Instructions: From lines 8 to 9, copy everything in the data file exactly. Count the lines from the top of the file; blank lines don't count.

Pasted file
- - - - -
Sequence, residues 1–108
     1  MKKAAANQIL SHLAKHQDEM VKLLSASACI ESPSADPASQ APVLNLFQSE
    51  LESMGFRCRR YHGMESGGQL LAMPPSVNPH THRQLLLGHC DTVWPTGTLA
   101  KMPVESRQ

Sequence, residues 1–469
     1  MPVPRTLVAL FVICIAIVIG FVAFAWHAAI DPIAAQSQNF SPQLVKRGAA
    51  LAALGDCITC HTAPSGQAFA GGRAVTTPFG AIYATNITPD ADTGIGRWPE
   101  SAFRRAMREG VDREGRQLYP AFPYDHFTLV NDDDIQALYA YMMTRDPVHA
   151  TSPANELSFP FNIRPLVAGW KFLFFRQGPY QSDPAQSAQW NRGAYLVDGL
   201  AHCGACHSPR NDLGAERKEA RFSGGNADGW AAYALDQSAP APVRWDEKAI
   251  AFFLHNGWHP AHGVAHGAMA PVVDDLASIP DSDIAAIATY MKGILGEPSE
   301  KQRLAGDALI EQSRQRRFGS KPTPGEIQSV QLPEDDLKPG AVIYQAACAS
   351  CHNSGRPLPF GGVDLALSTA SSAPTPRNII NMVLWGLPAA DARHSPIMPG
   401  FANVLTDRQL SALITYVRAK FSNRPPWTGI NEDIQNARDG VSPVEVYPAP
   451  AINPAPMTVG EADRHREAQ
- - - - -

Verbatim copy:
   101  SAFRRAMREG VDREGRQLYP AFPYDHFTLV NDDDIQALYA YMMTRDPVHA
   151  TSPANELSFP FNIRPLVAGW KFLFFRQGPY QSDPAQSAQW NRGAYLVDGL